Key insights in this video
Garath Duffy, Head of Supply Chain & Project Management
Garath is a leader at Vetter’s Rankweil clinical filling site and an expert on transitioning injectable medications from preclinical to clinical development. He has extensive experience with a wide range of substances classes, and with guiding drug development teams through the critical pivot from lab to clinic.
Preparing to fill clinical material for your trial
As you take the next step to in-human trials, your focus is on getting your molecule to the clinic as quickly and efficiently as possible – with a secure supply of product for your trial. For an injectable medication, filling a batch of clinical material is a critical step in that process.
As clinical manufacturing expert Garath Duffy explains, that process can be an anxious one for teams releasing their molecule from the R&D environment for the first time. As he says, “for a lot of customers, their molecule is really like their baby. They’ve been nurturing it in their lab environment for so long, in miniscule volumes. There it was all about understanding the molecule. Now it’s about not only producing significantly more of that drug product, but also developing a high quality, scalable filling process that meets all safety and quality requirements for in-human use.”
Budgets, timelines, and future funding goals often further increase the pressure to get everything exactly right on the first clinical filling run. With clinical and financial milstones on the line, parenteral drug developers need to take a smart, strategic approach to filling their clinical trial material – one that not only streamlines their transition to the clinic but also sets the stage for additional downstream successes.
4 key areas to focus on when you’re planning your clinical batch
As Garath notes, many teams with ambitious clinical development plans feel pressured to complete their clinical batch project as quickly as possible. But as you build a critical path for your clinical trial material, make sure you build in time and resources for these four critical steps. They can make the difference between capturing the efficiency of doing it right the first time, and incurring the costs and delays of doing it again.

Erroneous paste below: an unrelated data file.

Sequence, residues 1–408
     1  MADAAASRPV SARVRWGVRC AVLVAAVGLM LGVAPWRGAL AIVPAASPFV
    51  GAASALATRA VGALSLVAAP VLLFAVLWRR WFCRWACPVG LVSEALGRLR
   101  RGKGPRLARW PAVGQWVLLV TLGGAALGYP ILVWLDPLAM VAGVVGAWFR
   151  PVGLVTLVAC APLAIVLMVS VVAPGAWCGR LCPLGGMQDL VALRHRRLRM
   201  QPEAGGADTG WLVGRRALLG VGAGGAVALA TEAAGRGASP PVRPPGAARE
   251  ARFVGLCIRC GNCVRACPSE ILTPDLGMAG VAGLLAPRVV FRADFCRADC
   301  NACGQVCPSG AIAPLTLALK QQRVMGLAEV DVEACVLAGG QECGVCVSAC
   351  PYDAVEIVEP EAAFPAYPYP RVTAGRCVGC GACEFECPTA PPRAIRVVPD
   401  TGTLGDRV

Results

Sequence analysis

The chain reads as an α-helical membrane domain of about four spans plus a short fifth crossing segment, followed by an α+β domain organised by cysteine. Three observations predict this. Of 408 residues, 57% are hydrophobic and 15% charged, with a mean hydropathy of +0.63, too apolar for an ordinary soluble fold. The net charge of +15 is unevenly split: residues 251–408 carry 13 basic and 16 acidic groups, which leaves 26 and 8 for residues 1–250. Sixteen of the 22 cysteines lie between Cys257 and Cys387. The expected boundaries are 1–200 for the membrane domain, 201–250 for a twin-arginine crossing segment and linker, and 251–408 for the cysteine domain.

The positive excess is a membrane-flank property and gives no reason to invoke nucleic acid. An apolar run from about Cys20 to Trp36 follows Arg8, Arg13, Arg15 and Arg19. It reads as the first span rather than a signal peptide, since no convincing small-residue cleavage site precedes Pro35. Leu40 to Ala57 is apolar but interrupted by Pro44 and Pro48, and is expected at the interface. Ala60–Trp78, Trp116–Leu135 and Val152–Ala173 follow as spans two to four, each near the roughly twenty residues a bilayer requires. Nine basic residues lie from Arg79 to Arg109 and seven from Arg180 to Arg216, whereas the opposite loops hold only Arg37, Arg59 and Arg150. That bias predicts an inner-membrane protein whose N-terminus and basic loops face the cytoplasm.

1. Build a proactive plan: Your clinical batch project is one step toward many more development milestones. Doing it right takes time, and more material than just what you need for clinical trials. Build a schedule that allows for all the additional steps that need to be taken when filling a product that’s meant for human use – and plan for a batch size that accommodates that extra testing and analysis.
2. Prepare your product: Now that you’re getting ready for in-human evaluation and moving to a manufacturing facility, both regulators and your CDMO partner will need to know significantly more about your molecule. Before your batch is filled – and before your IND is filed – be ready for important new tests of your product’s safety, stability, and behavior outside of your lab.
3. Source the right expertise: When it comes time to fill a clinical batch, many find they need many more skill sets to successfully develop and execute their project. Start considering how and where you’ll find the multidisciplinary skills you need, including regulatory/CMC, analytics, process development, project management, aseptic filling, quality assurance, and more.
4. Implement best practices: Ensure the CDMO you’ve chosen is keeping up with current good manufacturing processes (cGMPs), as these requirements are continually evolving. For injectable drug products, through components of this framework are critical: Qualification of the equipment and personnel who will handle your product, validation of the processes use to fill it, and documentation of every step to regulatory standards.
Factor in these four important steps, and your clinical batch project can be off to a smart, strategic start. Duffy’s words for early phase customers: “A successful clinical batch is all about striking the right balance of doing it efficiently, but also doing it right. Make sure you give yourself the time that you need.”
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